Our jobs are vital, but remember those who’ve lost their jobs



As we head into the Family Day weekend, please spare a thought for all of our friends, neighbours and their families who have lost so much during this pandemic.

More than 6,000 families are grieving the loss of loved ones. Sadly, that includes the family of Connie Cerdan, an OPSEU/SEFPO Local 597 member who passed away from the virus in early January. Sister Connie and her family continue to be in our prayers.

Each of these deaths is a terrible tragedy. I’m sure I’m speaking for all of us when I offer my deepest condolences.

I’d also like to extend our solidarity and support to the hundreds of thousands of families who have lost everything: their jobs, businesses, homes and hope.

In sectors like retail, hospitality, and tourism – it’s been employment carnage.

It’s hard to wrap your head around all the collateral damage associated with these lockdowns.

While tens of thousands of our members have sacrificed on the front lines, these sometimes forgotten folks have had to give up everything to support the lockdown governments have had to impose.

And they had no say. No union to support them. No voice. No choice. They too have made enormous sacrifice for the greater good.

And thousands of businesses have been forced to close their doors, many of them permanently. Gone forever.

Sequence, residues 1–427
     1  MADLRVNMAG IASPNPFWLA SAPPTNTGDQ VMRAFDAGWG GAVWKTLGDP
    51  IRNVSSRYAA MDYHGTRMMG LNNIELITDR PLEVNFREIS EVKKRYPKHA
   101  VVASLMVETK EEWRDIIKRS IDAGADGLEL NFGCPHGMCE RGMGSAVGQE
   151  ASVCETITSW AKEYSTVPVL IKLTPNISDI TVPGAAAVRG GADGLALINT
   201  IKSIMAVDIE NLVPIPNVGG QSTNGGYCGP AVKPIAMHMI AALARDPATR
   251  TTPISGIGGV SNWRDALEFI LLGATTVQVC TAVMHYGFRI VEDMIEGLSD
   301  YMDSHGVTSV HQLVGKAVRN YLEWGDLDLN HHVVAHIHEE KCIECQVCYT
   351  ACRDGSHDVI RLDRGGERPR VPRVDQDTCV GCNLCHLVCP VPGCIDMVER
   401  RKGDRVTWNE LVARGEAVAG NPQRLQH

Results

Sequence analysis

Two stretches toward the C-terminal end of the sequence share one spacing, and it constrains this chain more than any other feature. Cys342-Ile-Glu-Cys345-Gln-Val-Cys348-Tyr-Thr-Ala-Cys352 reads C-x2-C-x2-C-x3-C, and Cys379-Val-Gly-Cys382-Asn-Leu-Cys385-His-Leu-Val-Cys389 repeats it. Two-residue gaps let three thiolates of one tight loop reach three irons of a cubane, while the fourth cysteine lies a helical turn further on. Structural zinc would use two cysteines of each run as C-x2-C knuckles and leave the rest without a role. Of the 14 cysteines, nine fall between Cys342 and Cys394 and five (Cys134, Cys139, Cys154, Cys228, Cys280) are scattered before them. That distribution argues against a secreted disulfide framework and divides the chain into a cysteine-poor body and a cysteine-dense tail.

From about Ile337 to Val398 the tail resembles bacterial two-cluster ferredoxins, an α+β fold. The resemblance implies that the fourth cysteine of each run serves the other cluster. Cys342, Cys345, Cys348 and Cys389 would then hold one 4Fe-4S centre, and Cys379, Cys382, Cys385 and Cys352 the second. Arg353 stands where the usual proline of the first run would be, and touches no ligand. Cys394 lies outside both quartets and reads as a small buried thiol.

All told, the province now has around 200,000 fewer jobs than it did this time last year. The provincial unemployment rate is now roughly nine per cent. That’s nearly double what it was before the pandemic. And each of those job losses were contributors to the economy, both in terms of taxes and stimulus.

Sadly, the majority who’ve lost their jobs were already vulnerable – workers who are young, women, disabled, Black, Indigenous, or racialized.

Those who’ve suffered worst were already suffering. They were in jobs that were precarious or low-waged. They were living paycheque to paycheque. And now, those paycheques are gone.

I’ve said proudly from the start that our union’s members are heroes in this pandemic. But let’s remember we are all in this together.

So, I call on all of our great union’s staff and members to, even amidst enormous challenges, consider our blessings.

The vast majority of us have had the good fortune to maintain our employment, to have a weekly paycheque and to keep the wolf from the door.

Many of us have had the mixed blessing of working from home to stay safe and to positively affect the safety of our communities.

I’m proud to say that as an employer, OPSEU/SEFPO has kept all of our staff on payroll including those whose duties shrunk immensely through no fault of their own.

I also want to again personally thank the staff who have selflessly gone above and beyond. I know who you are.

So, as we move forward please support the small, local businesses down the street. They need us now more than ever.

And we need them to keep the economy going to help pay for the excellent public services Ontarians rely upon.

So, if you’ve got enough for you and your family, think about what you can do to help struggling families in your community.

Donate. Volunteer. Order folks a meal.

Check in to help friends make their rent or mortgage if you’re able.

Stay strong and stick together. We are a community. We are a family.

if history has taught me anything, there will again come a day when we have to reach out to the broader community to support the work we do should a cost-cutting government look to balance the books on our backs.

Solidarity my friends. Solidarity.

Warren (Smokey) Thomas
President, OPSEU/SEFPO

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